Moscow seeks to use CIS to legalise Crimea occupation
The Kremlin is using tricks to announce the recognition of Crimea as part of Russia by the CIS member states.
Russia is planning to use the CIS observation mission which will monitor the election to the State Duma to legalise the occupation of Crimea, Ihor Solovey, head of the World section at LB.ua, has said in his article entitled "Crimean trap. Russia is trying to legalise the occupation of Crimea with the help of the CIS".
The article says that by recognising voting results on the territory of Crimea, the CIS member states will de sure recognise the illegal occupation of the peninsula by Russia.
"In the future, the decision of international observation missions will be used by Russian propaganda in the same fashion it uses the so-called 16 March 2014 'referendum': when results are given wide promotion while the details of the process (at the gunsight of a foreign army) are hushed up," he says.
According to Solovey, the Kremlin is aware that it cannot persuade Western observers to legalise the occupation of Crimea in the same way.
"Probably that is why the work of the OSCE ODIHR observation mission in Crimea is yet in question," he suggests.
Currently, the CIS member states found themselves in a difficult situation because "none of Moscow's even most loyal allies has not recognised the annexation of the peninsula yet". To say that the CIS member states recognise Crimea as a Russian territory, Moscow is using certain tricks. In particular, the details of organisation of the CIS observation mission at the election to the State Duma and the process of approving a candidate for mission chairman, are kept secret. First of all, to prevent Ukraine from blocking this issue.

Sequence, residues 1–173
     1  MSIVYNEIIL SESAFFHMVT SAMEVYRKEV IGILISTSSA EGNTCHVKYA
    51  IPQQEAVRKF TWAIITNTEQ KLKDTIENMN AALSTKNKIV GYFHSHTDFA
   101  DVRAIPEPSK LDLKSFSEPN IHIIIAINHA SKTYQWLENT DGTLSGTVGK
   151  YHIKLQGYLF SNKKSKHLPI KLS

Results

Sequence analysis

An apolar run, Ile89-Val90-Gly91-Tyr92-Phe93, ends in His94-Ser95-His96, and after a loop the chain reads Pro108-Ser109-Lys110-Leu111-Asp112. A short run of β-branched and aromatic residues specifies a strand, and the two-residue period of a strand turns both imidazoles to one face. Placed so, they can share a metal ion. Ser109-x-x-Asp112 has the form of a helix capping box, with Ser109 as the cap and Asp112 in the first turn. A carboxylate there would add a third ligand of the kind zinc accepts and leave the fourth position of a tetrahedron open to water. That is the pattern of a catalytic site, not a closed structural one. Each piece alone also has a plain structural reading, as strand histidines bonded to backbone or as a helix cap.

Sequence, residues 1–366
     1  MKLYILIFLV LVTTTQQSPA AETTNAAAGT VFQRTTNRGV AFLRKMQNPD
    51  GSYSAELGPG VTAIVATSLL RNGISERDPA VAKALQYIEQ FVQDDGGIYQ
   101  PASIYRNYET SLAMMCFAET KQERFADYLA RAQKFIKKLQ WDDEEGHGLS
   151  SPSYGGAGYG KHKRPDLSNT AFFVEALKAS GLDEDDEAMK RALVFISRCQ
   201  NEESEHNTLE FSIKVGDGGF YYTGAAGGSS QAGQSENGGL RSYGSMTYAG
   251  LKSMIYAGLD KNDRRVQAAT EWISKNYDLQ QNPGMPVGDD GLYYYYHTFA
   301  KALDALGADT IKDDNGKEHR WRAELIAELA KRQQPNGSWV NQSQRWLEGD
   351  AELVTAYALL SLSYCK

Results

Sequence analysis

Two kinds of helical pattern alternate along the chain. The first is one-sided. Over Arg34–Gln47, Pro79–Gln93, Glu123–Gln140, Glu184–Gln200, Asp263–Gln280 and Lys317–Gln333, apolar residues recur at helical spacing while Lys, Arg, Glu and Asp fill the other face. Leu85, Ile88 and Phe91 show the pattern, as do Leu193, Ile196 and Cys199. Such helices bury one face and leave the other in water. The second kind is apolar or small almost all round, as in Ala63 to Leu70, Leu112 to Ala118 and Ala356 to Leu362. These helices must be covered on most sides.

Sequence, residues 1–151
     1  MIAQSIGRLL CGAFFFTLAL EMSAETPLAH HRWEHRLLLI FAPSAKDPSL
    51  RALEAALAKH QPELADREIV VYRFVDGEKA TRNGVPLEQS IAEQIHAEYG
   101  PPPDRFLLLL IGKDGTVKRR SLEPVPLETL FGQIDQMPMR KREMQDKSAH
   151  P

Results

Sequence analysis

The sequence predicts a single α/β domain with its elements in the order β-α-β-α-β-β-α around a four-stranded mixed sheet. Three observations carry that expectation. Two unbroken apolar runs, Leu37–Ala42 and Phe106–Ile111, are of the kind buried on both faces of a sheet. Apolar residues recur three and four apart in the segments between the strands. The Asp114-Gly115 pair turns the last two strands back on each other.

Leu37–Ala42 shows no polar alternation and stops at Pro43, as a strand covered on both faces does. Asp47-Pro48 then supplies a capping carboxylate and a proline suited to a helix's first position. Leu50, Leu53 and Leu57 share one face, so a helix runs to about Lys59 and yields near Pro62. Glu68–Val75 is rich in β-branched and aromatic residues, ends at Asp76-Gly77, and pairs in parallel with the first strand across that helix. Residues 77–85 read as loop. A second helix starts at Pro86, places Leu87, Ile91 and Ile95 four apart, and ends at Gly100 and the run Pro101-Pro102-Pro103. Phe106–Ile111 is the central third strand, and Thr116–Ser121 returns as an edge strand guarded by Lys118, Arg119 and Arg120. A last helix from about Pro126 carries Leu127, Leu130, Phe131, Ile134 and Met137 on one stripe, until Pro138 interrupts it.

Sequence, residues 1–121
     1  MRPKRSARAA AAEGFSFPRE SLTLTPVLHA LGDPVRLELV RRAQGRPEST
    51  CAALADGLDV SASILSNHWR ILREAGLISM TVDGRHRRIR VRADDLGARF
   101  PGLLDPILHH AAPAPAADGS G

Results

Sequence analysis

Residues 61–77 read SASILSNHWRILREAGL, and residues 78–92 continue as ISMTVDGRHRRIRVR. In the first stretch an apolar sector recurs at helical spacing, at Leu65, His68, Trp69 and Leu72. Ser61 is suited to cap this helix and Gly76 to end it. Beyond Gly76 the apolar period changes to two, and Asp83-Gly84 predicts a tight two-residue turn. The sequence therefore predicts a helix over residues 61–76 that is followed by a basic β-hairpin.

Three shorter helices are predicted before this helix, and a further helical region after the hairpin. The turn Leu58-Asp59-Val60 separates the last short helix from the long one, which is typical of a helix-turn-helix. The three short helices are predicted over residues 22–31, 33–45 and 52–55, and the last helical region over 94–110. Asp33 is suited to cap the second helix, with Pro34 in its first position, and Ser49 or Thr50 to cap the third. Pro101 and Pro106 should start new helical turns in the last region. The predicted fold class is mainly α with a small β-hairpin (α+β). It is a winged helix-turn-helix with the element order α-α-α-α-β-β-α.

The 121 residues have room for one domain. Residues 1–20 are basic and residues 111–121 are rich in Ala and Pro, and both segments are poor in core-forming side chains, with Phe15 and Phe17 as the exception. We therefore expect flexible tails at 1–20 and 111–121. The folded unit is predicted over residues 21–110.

The author points out that Russia has sent its invitations to the CIS member states to observe the parliamentary election not through a standard procedure: not through the central office of the CIS Executive Committee in Minsk (which includes Ukraine's representative) but through the economic office of the Executive Committee located in Moscow.
Also, the invitations were sent directly to the foreign ministries of the member states from Moscow, bypassing the CIS Executive Committee in Minsk. Since Ukraine officially quit the CIS election monitoring mission in 2015, it did not receive the invitation. It is noted that the Minsk-based Executive Committee learned about the dispatch of the invitations and a possible start of the monitoring mission from mass media.
It is currently unclear who will head the CIS mission and this issue is not on the agenda of the next meeting scheduled for 30 August, which is done for the purpose of preventing Ukraine from blocking this process, the article reads.